Due to the rise of tax-software preparation programs, people are making fewer mistakes on annual returns. If you are starting to think about your taxes or are currently working on them, make sure you pay careful attention and avoid the common mistakes. Although these mistakes won’t land you in jail, they may cause a few headaches and delays on refund checks.
Brace yourselves for some of the most common tax mistakes made in no particular order:
Missing the deadline
As natural procrastinators it is no surprise that some people miss the deadline for filing their taxes. It starts with gathering all necessary documents such as W-2s, finding receipts and records of donations, and filling out the necessary forms. This process can take more than a day and often leaves you in a panic. The IRS has estimated that about 20 percent of taxpayers wait until a week before the deadline to file their income tax forms. The temptation to wait could be costly; the IRS charges a penalty fee of 5 percent each month.
Read more about What Happens if You Don’t File your Taxes.
Filing the Wrong Status
Filing status is dependent on your situation; there are three different forms to choose from when filing an individual tax return and two when you are married. Different income tax rates and deductions are applied by the IRS according to our filing status. For individuals there is the 1040, 1040A, and 1040EZ. 1040EZ is similar to the name, the easiest form to fill out and it is for the simplest situation. On the other end of the spectrum, form 1040 takes the longest to fill out but is for more complex situations such as those including IRA contributions and student loans.
For married couples there is the option to file jointly or file separately, each have their own benefits. For example, filing jointly couples are entitled to twice the standard deduction. Those who file separately need to claim either the standard or itemized deductions but not one of each.
Surprisingly, simple math miscalculations are one of the most common errors on tax returns year after year. If you are doing your tax returns without tax-preparation software your odds of making a mistake are slightly higher. The tax forms have tricky formulas such as “add line 8 to line 32 and multiply by .356 if your AGI is greater than $50,000.” You can save yourself the headaches all together and consult a tax professional such as Allied Tax Advisory. There are a series of procedures we go through with each tax return to ensure accuracy.
Something as simple as a misspelled name can cause the IRS to slow down the process of the tax return. When the name of the taxpayer or his or her spouse and their children do not match with the Social Security record, this can cause a problem. This problem generally occurs for new wives taking on their husband’s last name when getting married. If the Social Security Administration is not aware of your name change this can cause a discrepancy when you come to file your return.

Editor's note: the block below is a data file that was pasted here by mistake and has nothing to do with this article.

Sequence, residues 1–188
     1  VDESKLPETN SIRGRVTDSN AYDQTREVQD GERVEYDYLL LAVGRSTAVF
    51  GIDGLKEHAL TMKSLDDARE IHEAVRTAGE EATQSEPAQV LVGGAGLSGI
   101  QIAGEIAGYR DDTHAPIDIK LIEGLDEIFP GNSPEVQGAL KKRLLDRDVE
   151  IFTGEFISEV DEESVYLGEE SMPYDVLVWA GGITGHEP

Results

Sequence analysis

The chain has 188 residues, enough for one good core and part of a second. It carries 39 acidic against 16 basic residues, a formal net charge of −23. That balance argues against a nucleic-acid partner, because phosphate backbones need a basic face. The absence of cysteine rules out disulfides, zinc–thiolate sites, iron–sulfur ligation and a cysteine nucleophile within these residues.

Missing Tax Breaks
Tax credits and deductions can help people save a ton of money every year that had been left on the table. A spouse or a child who depends on you financially is a dependent that can be claimed on your taxes for exemptions or credits. Deductions include charitable donations, mortgage interest, and medical expenses. These deductions can be added up and lower your taxable income at the end of the year.
Choosing the Right Tax Preparer
It is important to find a professional who knows and cares about your needs. For instance, the professionals at Allied Tax Advisory Group try and find out what brings you pleasure in life, what kind of family you have, and for instance make sure you are meeting your retirement goals with smart tax planning. This way, you can be aware of the opportunities available every year and be prepared when the time comes.
Not Keeping a Copy of Your Return
Make sure to get a copy of your return and put it in a safe place, you never know when you’ll need to go back and take a second look. It is not uncommon that you can make a mistake on your previous return and need to file an amendment (Form 1040-X) and possibly receive a larger refund from the amended year. These previous returns can also be used for your own personal use, to see a trend in your income and to prepare your tax returns for the future.
Failure to Claim All Income
You are required to claim all income for the year regardless of the amount. Income such as side jobs, barter exchanges, gambling proceeds, and prizes for contest winnings must all be provided. The IRS has information at hand and this could be a possible reason for an audit.
Going Off of Old Numbers
As a taxpayer you cannot expect the numbers from last year’s form or the deductions applied last year to be applicable for the current year. Deductions, exemptions, and tax rates all change year after year so it is important to be thorough and organized. Use specific numbers pertaining to documents from the current year to ensure accuracy.
Forgetting your Signature
The simple mistake of filing a return without your signature could cost you a late return. This mistake is very common but the IRS will not accept it and will list your return as not filed. Take a minute to ensure this last step, if you are filing with a spouse their signature is required as well. If you are not mailing in the return, things are a little easier with an E-file signature that saves you the burden of mailing your return.